LONDON — American sports tycoon Stan Kroenke vowed Monday to turn Arsenal back into trophy winners after securing a controlling stake that clears the way for him to become the fifth U.S. owner of a Premier League club.
Kroenke, a Columbia resident, also owns the St. Louis Rams of the NFL, the Denver Nuggets of the NBA, the Colorado Avalanche of the NHL and the Colorado Rapids of Major League Soccer. According to the "Forbes 400" list, Kroenke, a real estate developer, is the 130th richest American with a net worth of $2.7 billion.
Kroenke said he would bring "new success" to the Arsenal, a club in the midst of a six-year title drought. He did not accompany the pledge with a commitment to spending heavily on new players.
Kroenke's stake in Arsenal will rise from 29.9 percent to 62.89 percent after agreeing to buy shares from fellow directors including Danny Fiszman and Nina Bracewell-Smith. The deal values the club at 731 million pounds ($1.2 billion).
By going over the 30 percent threshold, the 63-year-old Kroenke is obliged to mount a full takeover bid by making a mandatory cash offer for the remaining shares.
"We are excited about the opportunity to increase our involvement with and commitment to Arsenal," Kroenke said in a statement to London's PLUS Markets. "Arsenal is a fantastic club with a special history and tradition and a wonderful manager in Arsene Wenger. We intend to build on this rich heritage and take the club to new success."
Success has been lacking at Arsenal since the London club won the FA Cup in 2005 and Premier League a year earlier. The 13-time English champions are seven points behind Manchester United with seven matches remaining of the current title race but with a game in hand over the leaders.
"It's the end of an era but it's also the beginning of an era," Arsenal chief executive Ivan Gazidis said. "I don't think we will see dramatic changes. At the same, I do think that Mr. Kroenke brings experience in the sports arena. He's got tremendous experience in the United States and also experience now over here in England."
Manchester United fell under American ownership in 2005 when Malcolm Glazer took charge, and he has been followed by compatriots John Henry at Liverpool, Randy Lerner at Aston Villa and Ellis Short at Sunderland. Chelsea, Manchester City, Fulham, Blackburn and Birmingham are also owned by foreigners.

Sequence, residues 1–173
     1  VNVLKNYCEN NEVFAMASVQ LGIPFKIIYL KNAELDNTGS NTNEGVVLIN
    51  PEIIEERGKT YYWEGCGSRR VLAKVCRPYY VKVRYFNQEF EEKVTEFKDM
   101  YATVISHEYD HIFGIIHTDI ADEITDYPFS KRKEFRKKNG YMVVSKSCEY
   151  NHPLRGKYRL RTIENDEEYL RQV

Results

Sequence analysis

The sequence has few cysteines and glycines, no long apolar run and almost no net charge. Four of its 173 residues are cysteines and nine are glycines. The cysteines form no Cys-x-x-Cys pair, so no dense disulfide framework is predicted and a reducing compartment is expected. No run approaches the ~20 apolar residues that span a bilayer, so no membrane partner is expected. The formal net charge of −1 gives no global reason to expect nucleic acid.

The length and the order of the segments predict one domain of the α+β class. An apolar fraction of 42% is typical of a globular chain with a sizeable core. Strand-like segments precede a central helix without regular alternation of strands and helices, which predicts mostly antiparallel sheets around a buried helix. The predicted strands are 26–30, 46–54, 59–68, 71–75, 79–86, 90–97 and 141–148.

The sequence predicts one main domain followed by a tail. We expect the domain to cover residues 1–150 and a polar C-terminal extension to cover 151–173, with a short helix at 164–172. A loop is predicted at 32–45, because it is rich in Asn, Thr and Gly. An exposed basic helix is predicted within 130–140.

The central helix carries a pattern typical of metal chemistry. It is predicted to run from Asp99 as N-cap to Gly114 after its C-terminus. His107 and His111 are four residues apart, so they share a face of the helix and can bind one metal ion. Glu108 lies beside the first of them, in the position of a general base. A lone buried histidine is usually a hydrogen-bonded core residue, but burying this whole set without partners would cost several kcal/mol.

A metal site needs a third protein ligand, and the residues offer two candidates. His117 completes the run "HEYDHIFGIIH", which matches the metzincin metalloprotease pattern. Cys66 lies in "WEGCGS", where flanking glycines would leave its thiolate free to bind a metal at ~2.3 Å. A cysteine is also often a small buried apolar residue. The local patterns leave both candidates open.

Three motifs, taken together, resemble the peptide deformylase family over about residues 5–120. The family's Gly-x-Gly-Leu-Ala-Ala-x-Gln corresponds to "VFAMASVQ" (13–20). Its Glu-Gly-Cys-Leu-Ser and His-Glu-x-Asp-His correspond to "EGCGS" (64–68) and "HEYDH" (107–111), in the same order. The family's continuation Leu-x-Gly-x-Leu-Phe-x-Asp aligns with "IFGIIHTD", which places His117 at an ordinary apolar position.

Leveraged takeovers at Liverpool by Tom Hicks and George Gillett Jr., who were forced to sell the club to Henry's ownership group last year, and the Glazer family at Manchester United enraged fans by loading their teams with new debt.
Kroenke insisted on Monday that his takeover "will not be funded by way of any debt finance."
Kroenke has also pledged to "support and adhere to the self-sustaining business model" at Arsenal, which has a tradition of being well-run, avoiding big transfer fees and relying on talent developed through its youth teams.
Wenger has had time to get to know Kroenke, who has been steadily increasing his holding in Arsenal since buying a 9.99 percent stake in April 2007 and joining the board of directors within 18 months.
"I have worked with Stan Kroenke at board meetings over the past couple of years, and I believe he has the best interests of Arsenal at heart," Wenger said. "He understands the club's heritage and traditions and our ambition to run the club in a way which protects our long-term future."
Kroenke was invited onto the Arsenal board, unlike Alisher Usmanov, a Russian who owns more than 27 percent of the club through investment vehicle Red and White Holdings.
Usmanov could reject Kroenke's offer of 11,750 pounds ($19,200) for each of the remaining shares in Arsenal after failing with a counter bid on Sunday night for Bracewell-Smith's holding.
Bracewell-Smith and Fiszman had already agreed to sell their 16 percent stakes to Kroenke.
"I am confident of Arsenal's continued success both on and off the pitch and believe that Stan Kroenke will continue to develop the club in a manner true to its heritage for the players and the fans," said Bracewell-Smith, whose family has been associated with the board for more than 70 years.
Despite initially being wary of Kroenke's intentions in 2007, Arsenal chairman Peter Hill-Wood insisted Monday that Kroenke "will be a safe custodian" of the club's future.
"Mr. Kroenke, although relatively new to Arsenal, has shown himself to be a man who values and respects the history and traditions of this very special club that we cherish," said Hill-Wood, who is the third generation of his family to serve as chairman and will make 4.7 million pounds by selling his shares.
Kroenke wants Hill-Wood and the rest of the current board of directors to remain in place and plans to keep Arsenal listed on London's PLUS Markets.
Little is known about the 63-year-old Kroenke's plans for Arsenal, with the man dubbed "Silent Stan" previously declining to speak at the club's annual general meeting.
"He's a strong silent type, and I think that's not necessarily the worst thing when it comes to sports team owners," MLS commissioner Don Garber, who has talked to Kroenke about his plans for Arsenal, has said in the past. "He's very loyal. He's a very quiet and a strategic thinker. He doesn't make rash decisions."